The Amorality of the Sharing Economy

Wednesday 16 December 2015

By Christina J. Colclough, Head of EU Affairs, UNI Europa

Recently, I have held quite a few speeches on the sharing economy, or rather on the amorality of the sharing economy and the new forms of employment we see are on the rise: bogus self-employment, zero-hour contracts to name just two.

The sharing economy, marketed as something social and/or sustainable, opens up for an individualisation of work and financial responsibility. You drive your car, rent out your home or sell your labour power in competition with others. You take the risk of losing income if demands drop or your ratings fall. No state system will cover you in low income times, as you are regarded as self-employed. Citizens in troika hit countries have even been asked to rent out their home, car, bicycle or whatever to make up for the lack of state money to cover unemployment benefits.

At the same time, the sharing economy does not, contrary to a common claim, put everybody equal. It is just as open to economies of scale as the “ordinary economy”. For example, professional AirBNB’ers have entered the stage, buying up property in large numbers, not with the aim of renting out to tenants on the long-term, but to AirBNB clients only. The number of beginner’s flats, or affordable housing is thus falling in many urban areas, forcing locals to move further away and prices to go up. In some areas, public transport is getting more expensive as more and more people drop the public system and buy into car-sharing. In one example I have heard of, the price of public transport had risen so much, that the citizens have been forced to turn to car-sharing. But since car prices have also risen, few could afford to buy a car. Hence the market was open for monopolisation. One car matador set the car-sharing price at a not so cheap rate. Everyone but the matador lost out.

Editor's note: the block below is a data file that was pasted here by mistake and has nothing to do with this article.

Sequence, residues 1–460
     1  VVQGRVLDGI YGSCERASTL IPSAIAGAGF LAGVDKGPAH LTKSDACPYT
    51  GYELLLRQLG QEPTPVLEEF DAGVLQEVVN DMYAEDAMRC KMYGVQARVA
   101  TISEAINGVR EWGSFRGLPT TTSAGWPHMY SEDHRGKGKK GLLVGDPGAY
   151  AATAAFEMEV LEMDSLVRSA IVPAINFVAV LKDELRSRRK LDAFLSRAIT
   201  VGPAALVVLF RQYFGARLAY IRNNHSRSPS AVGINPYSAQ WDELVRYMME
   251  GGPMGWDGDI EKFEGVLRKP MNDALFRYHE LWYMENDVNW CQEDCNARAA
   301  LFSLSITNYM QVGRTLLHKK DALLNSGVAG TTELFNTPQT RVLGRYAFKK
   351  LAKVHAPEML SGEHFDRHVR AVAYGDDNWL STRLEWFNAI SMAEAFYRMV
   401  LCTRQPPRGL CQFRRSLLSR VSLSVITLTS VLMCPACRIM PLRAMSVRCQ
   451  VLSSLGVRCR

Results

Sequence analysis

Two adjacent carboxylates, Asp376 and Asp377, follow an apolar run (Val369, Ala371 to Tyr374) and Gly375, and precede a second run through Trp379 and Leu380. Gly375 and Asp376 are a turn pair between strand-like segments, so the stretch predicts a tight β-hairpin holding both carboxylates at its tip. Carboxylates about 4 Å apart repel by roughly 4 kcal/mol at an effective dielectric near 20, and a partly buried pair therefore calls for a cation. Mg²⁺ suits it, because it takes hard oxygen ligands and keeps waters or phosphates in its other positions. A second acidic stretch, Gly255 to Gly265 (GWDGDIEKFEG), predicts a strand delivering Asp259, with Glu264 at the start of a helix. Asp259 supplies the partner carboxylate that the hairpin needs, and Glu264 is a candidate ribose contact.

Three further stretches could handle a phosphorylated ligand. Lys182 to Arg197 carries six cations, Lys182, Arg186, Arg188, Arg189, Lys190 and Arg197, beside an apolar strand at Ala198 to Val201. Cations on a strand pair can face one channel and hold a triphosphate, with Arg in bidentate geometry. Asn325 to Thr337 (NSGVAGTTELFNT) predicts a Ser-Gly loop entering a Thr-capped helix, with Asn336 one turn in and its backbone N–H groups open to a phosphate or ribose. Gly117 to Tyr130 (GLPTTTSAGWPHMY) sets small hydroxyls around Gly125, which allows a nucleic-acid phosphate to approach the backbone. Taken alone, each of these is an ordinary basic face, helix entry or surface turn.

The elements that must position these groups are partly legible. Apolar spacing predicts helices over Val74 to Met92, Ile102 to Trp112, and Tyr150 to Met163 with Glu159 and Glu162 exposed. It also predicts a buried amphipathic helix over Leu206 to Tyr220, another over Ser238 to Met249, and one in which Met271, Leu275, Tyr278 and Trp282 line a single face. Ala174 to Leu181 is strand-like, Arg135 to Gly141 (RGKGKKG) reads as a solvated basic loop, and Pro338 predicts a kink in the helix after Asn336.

Furthermore, the online platforms that enable clients to meet with service providers can be based in tax-free, or tax-low countries. They often take up to 20% of the income earned in payment for use of the platform. The real income for people participating in the sharing economy is thus far less than what you as a user might pay.

As if this wasn’t enough, we can see that corporations are making increasing use of new forms of employment too. They are laying off employees on permanent contracts and instead turning to the use of people on bogus self-employment contracts or zero-hour contracts. Crowdsourcing is also on the rise, where either manual tasks or high-skilled ones are sent out into online world for solving. Bidders can be situated anywhere in the world. Sometimes they even have to submit ideas as to how they would solve the problem at hand often with no payment unless they win the bid.

What all of this means is that people on these contracts bear the risk of demand fluctuation and not the companies. Since workers are not employed they have no right to unemployment benefits, sick care, holiday pay or leave. Their working hours differ from day to day, leaving those with children in impossible and stressful situations. Many will be left in grave risk of poverty.

Just as bad, since companies move away from employing people, corporate contributions to healthcare and social security benefits are naturally declining. How, then, are we going to finance our welfare states: healthcare, education, social security and unemployment benefits?

It is estimated that in five years more than 40% of Americans will be bogus self-employed. In Europe the figure is rising too.

It is time we all engage in thinking about the long term consequences of this, and stop being blinded by the smart marketing of the sharing economy as something social and/or sustainable.

This form for economy might well be here to stay, but then we need to rethink our social security systems as well as corporate responsibility.